REVIEW: Ra Ra Riot’s The Orchard 
“Enjoying the expansive views of the countryside Mennonite community”
Tuesday, August 24, 2010 marks the drop date for Ra Ra Riot’s sophomore release The Orchard. Accompanying Special Edition copies of the disc, available at Barsuk Records, is a making of documentary short by directors Taryn Gould and Emily Kowalczyk. Deciding to self-produce the disc without having an extra personality in the room to use as a crutch to ‘get things done’, the group went to upstate New York where guitarist Milo Bonacci’s family had a peach orchard up for sale. Able to use it for writing and recording, the group holed up and made house, collaborating, goofing off, and preparing their final tour to promote their debut The Rhumb Line, using it to play the new work and gauge audience reaction.
The film is very beautiful to look at with over-exposed visuals giving a dreamlike, ethereal quality to the imagery, sharply cutting from scene to scene with plenty of superimposing of frames and transitions like stars in the clear night sky morphing into stage lights. Gould and Kowalczyk appear to have been along for the entire ride, grabbing footage of soundboard maneuvering, demo sessions, bonfire building, concert action, and how everyone coped with a massive insect infestation. Band members Wes Miles (vocals), Mathieu Santos (bass), Bonacci, Alexandra Lawn (cello), Rebecca Zeller (violin), and Gabriel Duquette (drums) also get a chance to talk and editorialize about the experience and/or their beginnings in music. Whether straight-on interview shots of Duquette’s emotional release drumming style, tracking shots in the fields with Zeller as we discover her inability to play and talk at the same time, or Lawn gorgeously framed against the peach trees, dreaming of buying the property as a band abode, everyone has their moment to shine.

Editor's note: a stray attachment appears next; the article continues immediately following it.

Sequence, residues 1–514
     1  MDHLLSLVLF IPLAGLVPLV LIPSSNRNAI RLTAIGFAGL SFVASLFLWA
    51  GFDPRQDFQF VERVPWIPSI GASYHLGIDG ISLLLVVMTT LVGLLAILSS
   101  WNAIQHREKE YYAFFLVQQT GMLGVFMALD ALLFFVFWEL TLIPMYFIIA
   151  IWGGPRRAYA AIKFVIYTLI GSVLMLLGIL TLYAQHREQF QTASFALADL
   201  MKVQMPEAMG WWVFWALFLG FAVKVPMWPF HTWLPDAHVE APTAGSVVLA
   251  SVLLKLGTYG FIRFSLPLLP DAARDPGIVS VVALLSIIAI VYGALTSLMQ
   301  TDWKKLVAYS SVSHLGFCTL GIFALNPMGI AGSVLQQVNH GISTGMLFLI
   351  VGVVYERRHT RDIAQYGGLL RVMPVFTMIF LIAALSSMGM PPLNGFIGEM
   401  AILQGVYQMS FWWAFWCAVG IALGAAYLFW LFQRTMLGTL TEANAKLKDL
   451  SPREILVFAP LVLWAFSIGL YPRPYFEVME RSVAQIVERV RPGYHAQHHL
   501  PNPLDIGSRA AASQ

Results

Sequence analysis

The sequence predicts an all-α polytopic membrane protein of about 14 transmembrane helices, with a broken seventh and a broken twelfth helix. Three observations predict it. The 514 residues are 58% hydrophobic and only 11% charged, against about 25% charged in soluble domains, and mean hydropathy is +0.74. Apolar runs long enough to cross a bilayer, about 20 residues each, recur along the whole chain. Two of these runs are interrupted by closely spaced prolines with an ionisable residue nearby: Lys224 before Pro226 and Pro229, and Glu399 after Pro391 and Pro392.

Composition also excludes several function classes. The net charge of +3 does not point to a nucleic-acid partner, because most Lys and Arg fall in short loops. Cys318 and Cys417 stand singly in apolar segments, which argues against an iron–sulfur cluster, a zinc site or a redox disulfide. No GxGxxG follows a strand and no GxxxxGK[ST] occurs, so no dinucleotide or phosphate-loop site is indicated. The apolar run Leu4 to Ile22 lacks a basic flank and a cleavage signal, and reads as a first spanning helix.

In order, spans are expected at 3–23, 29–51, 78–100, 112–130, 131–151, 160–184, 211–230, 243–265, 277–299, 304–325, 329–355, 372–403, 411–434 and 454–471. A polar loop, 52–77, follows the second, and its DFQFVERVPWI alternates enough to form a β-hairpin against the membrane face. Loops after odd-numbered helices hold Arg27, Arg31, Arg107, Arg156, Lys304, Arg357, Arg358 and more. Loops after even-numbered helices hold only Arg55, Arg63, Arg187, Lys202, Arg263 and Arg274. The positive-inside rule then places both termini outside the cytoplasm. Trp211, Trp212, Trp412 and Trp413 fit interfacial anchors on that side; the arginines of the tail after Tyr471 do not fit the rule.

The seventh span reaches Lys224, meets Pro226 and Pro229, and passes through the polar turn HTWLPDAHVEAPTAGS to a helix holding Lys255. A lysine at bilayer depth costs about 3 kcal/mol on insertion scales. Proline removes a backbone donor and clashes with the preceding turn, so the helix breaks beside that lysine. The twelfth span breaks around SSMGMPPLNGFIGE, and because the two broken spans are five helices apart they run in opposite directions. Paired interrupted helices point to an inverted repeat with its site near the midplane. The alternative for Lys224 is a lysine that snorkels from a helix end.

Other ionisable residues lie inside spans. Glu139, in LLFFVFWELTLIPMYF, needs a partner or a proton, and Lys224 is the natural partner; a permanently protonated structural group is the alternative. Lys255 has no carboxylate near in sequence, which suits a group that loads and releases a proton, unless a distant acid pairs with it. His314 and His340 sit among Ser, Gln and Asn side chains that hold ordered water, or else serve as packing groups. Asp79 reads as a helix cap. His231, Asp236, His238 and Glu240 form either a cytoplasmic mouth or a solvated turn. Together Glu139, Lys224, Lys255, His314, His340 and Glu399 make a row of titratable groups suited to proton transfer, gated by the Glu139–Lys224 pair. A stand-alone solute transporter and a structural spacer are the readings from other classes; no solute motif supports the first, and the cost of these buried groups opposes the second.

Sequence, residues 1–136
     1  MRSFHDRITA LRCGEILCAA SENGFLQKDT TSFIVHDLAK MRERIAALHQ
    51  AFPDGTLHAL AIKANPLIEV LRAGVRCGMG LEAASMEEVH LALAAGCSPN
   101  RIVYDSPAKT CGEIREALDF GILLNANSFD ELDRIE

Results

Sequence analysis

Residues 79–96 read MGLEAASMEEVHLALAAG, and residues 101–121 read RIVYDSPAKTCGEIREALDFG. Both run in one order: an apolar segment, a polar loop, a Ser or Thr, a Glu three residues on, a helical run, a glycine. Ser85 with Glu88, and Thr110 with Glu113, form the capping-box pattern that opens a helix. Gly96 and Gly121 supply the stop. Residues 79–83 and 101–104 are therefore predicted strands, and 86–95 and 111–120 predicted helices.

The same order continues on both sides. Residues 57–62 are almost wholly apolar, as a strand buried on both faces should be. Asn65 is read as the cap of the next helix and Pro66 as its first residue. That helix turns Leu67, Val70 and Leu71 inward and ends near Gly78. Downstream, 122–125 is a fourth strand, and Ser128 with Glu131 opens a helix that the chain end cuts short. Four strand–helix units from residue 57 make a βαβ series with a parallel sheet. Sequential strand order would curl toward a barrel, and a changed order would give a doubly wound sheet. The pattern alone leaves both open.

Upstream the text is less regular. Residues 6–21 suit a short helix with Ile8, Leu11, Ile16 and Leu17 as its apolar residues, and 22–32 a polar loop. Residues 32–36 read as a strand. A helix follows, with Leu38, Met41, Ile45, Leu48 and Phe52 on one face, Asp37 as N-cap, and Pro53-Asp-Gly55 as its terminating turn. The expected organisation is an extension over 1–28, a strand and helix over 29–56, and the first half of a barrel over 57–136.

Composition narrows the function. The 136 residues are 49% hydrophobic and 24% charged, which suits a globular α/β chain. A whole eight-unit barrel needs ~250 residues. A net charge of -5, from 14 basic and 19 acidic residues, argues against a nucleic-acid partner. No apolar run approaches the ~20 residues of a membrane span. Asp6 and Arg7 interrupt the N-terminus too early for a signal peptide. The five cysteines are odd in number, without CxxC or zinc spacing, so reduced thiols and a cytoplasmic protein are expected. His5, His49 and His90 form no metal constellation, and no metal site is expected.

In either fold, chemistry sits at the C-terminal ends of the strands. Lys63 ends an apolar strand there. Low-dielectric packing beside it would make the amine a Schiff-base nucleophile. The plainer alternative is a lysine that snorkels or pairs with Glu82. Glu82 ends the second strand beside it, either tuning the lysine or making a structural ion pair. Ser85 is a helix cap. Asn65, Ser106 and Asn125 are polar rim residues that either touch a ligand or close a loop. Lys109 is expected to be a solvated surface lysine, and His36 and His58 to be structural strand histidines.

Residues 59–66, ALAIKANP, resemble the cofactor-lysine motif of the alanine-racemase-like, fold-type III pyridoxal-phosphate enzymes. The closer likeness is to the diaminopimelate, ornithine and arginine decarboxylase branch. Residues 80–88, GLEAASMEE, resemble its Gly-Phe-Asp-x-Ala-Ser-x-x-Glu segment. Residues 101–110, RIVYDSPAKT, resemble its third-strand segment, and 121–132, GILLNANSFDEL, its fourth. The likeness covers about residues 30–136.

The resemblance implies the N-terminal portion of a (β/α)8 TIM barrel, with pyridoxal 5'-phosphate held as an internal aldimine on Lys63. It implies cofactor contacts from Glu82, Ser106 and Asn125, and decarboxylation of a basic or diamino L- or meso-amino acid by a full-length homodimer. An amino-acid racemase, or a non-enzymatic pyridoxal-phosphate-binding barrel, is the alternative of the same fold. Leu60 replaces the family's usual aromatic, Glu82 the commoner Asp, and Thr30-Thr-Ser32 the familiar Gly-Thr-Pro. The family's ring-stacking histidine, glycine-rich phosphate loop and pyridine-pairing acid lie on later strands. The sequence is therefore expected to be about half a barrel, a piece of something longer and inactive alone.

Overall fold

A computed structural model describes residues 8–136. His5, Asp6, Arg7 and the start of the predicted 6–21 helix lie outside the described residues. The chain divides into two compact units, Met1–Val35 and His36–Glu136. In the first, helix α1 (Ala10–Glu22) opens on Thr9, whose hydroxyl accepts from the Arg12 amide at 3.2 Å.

While not as poppy as The Rhumb Line, The Orchard holds its own as a worthwhile release. The riffs may not be as fun or hip-shaking as “Run My Mouth” or “Oh, La” and the verses may become repetitious in some tracks, but the mellower sound does lend itself well to the inclusion of a string section, as well as Miles’s distinctive voice. Tracks “Boy” and “Too Dramatic” recall the former disc, but they are in the minority. Sound engineer Andrew Maury speaks on how the song-writing process stems from each member discovering sounds to eventually combine into full-fledge songs later on. It is said that each work grows and evolves over time, but without the initial composition, there would be nothing to expand upon. You can’t help wonder what the album would have been if drummer and lead songwriter John Ryan Pike hadn’t mysteriously drowned after a 2007 show in Rhode Island.
Pike’s absence weighs heavily on the band with mention sprinkled throughout the beginning two-thirds of the film, reminiscing on his teaching Miles how to become a lyric writer or his air guitar technique. Not until the end do we see the tragedy’s effect as they drive to Hamilton, Masschusetts—his hometown—for the final show of their tour. In a memorable sequence of kinetic visuals and overlapped verbal expressions of loss, we feel the pain without letting it become a driving force to exploit for the benefit of the movie as a whole. The Orchard is about life and creating music to bring to the world. The music itself is a welcome evolution for Ra Ra Riot as a band maturing and the footage onscreen shows the comradery and respect at play as well as the raw power their live shows contain. I for one hope they find their way to Buffalo for a show as they’re surely a band on the cusp for greatness if they haven’t reached it already.
The Orchard 7/10 | ★ ★ ★